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Movies for Grownups

'Jack Ryan: Shadow Recruit' — Clancy, Not Fancy

The new action flick is by the book — and that ain't bad

Rating: PG-13

Running Time: 1 hour 45 minutes

Director: Kenneth Branagh

Stars: Chris Pine, Keira Knightley, Kevin Costner, Kenneth Branagh

Movie begins beneath the trailer.

There's something exhilarating about being in the hands of real movie pros. That's the kind of thrill you get from Jack Ryan: Shadow Recruit, the fifth film based on the exploits of Tom Clancy's CIA hero.

Yeah, I said it: CIA hero! In an era when covert U.S. agencies loom as a cross between Big Brother and that creepy guy outside your bedroom window, Jack Ryan remains the poster boy for good-government spooks — the ones who couldn't care less about your emails or phone records but have their fingers on the pulse of every potential terrorist from here to Karachi.

Chris Pine in Jack Ryan: Shadow Recruit (Courtesy Larry Horricks/Paramount Pictures)

For this Tom Clancy movie experience, forget Alec, Harrison and Ben; Chris Pine is college student “Jack Ryan: Shadow Recruit.” — Paramount Pictures

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It's all very old-fashioned and John Wayne-ish — 105 minutes of car chases, shootouts and explosions with not a swear word in sight — and that's much of the appeal of Jack Ryan: Shadow Recruit.

Jack, played with Boy Scout earnestness by Chris Pine (Star Trek), is no conflicted, emotionally damaged loose cannon who breaks all the rules, then makes up more rules so he can break them. Quite the opposite: After a horrific Afghan war injury propels Jack into the spy biz, he is driven not away from decency and fair play but straight toward them. I mean the guy can't even fib to his fiancée (Keira Knightley) about having gone to a movie without her (he was meeting a shadowy contact there).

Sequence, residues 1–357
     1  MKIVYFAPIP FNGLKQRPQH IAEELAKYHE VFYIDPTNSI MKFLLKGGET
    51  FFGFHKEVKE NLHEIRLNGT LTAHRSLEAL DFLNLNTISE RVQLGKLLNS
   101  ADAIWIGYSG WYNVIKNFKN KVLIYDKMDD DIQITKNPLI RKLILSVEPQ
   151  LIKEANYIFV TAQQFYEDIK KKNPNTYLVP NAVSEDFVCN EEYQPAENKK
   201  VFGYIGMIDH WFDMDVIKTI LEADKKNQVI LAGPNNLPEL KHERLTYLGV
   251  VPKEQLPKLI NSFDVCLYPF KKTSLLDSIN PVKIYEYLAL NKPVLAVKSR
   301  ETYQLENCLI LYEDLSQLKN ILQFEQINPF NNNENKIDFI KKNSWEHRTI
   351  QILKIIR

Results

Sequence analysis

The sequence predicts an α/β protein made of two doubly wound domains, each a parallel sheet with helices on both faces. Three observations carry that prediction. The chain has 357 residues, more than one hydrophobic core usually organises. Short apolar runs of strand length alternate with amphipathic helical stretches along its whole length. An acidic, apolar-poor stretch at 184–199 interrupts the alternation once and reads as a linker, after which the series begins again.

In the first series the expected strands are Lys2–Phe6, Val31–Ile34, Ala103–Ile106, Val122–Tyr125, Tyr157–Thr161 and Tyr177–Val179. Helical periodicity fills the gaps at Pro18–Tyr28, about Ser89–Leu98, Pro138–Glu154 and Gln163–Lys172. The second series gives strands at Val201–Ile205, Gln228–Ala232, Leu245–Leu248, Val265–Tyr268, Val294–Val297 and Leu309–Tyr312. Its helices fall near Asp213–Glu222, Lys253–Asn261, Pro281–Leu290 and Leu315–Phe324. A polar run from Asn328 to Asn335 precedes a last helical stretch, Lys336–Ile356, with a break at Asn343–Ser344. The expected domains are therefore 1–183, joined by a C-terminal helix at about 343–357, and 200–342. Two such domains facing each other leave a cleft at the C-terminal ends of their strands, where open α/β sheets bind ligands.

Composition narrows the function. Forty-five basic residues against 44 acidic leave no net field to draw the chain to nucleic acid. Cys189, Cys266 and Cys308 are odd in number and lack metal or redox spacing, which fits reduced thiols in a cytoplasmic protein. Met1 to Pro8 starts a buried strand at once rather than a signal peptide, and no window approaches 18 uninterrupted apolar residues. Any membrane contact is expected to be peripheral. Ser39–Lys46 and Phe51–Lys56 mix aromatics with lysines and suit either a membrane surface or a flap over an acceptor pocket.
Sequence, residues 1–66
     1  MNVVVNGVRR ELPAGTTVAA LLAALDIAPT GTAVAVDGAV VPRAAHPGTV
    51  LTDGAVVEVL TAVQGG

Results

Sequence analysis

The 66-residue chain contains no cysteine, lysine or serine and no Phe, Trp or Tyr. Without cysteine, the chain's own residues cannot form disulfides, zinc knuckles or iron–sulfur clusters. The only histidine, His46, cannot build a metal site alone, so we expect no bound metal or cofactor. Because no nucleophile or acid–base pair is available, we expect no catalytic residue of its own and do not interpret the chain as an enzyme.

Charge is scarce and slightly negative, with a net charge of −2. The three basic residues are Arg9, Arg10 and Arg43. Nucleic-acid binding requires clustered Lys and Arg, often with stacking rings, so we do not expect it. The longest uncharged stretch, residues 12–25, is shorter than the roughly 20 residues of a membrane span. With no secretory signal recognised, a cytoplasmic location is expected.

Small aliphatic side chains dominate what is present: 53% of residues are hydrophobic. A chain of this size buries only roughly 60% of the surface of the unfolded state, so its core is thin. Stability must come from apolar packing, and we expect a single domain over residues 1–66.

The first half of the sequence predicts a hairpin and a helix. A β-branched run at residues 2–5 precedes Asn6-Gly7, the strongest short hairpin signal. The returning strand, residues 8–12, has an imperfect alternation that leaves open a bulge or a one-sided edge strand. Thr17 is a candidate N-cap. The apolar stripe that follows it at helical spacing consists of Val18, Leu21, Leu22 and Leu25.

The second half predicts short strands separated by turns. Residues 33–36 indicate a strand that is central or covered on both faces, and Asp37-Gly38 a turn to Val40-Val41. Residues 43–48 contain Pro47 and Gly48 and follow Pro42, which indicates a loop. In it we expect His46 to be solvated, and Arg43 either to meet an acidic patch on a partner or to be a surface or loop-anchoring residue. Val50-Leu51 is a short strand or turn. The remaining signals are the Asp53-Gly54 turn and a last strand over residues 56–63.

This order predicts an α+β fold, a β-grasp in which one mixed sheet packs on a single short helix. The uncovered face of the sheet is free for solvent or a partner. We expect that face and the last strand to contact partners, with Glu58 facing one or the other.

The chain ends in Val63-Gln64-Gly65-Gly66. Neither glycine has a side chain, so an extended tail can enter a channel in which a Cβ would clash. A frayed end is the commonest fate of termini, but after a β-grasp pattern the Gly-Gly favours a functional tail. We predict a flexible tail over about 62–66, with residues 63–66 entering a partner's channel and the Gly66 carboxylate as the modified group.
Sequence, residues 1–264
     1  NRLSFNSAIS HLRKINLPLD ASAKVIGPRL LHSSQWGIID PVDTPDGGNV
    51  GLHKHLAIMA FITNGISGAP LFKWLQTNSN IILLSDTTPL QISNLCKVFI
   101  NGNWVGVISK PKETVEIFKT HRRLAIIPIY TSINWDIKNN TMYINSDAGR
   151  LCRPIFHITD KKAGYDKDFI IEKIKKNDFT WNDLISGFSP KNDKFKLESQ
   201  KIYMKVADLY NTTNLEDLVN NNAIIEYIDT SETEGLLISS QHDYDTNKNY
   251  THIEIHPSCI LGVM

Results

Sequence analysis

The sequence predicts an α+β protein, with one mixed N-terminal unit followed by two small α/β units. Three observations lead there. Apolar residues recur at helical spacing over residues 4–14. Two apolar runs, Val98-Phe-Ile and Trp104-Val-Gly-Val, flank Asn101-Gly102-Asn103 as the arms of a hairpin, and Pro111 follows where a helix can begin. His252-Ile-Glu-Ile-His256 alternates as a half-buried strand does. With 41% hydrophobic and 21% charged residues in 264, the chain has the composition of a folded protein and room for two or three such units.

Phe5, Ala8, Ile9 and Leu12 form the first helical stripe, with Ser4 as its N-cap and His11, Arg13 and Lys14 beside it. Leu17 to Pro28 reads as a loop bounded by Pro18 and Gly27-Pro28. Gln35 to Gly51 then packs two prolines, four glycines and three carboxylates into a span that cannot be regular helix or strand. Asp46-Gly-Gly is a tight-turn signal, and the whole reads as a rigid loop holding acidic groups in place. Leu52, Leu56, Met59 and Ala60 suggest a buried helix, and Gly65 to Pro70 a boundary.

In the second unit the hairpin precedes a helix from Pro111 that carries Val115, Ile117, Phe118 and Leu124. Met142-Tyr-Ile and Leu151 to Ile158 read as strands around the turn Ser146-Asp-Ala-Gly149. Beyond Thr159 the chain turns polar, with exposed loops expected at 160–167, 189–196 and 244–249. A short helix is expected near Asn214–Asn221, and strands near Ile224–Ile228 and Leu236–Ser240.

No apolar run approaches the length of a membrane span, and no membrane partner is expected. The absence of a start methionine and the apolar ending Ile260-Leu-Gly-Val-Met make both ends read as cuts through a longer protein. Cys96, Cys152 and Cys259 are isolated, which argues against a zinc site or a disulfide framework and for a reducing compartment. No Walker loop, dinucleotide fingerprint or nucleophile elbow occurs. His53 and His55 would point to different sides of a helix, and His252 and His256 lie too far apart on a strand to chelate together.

As the title implies, this is a reboot of the Jack Ryan saga. Forget those earlier Cold War/drug war-tinged entries with Alec Baldwin, Harrison Ford or Ben Affleck as Jack.

Here we meet Jack as a brilliant college student studying statistics in London. When the 9/11 attacks occur, he quits his doctoral program to join the Marines and take the war to the terrorists in Afghanistan. Then comes that injury, his romance with the rehab doctor who inspires him to walk again and a visit from a mysterious CIA officer (Kevin Costner, who would've made a fine Jack himself back in the day). Before you can say Black Ops, Jack is taking his math skills undercover, rooting out Wall Street bad guys who launder money for terrorists.

That's small potatoes until Jack discovers some huge discrepancies in his firm's Russian accounts. To get to the bottom of it, he jets off to Moscow, where he quickly gets under the skin of an evil Russian mogul (played with oily charm by Kenneth Branagh). Branagh also directed the movie, and he deserves the credit for Jack Ryan's brisk pace and economical storytelling.

For once, a film's action sequences actually advance the plot — unlike so many action flicks these days, in which the fight and chase scenes are bumpy detours en route to a largely unrelated conclusion (remember those endless smackdowns in last summer's Man of Steel?). Ryan is also visually dazzling.

From Moscow to Manhattan the settings play active roles in the unfolding events, a trait the film shares with such spy classics as The Ipcress File and Three Days of the Condor. So even if Branagh doesn't reinvent the wheel here, he does take the rims off a flashy 2014 Tesla and put them on a 1985 Camaro: a big, comfy muscle car asking only that you point it in the right direction and step on the gas.

Bill Newcott is a writer, editor and movie critic for AARP Media.

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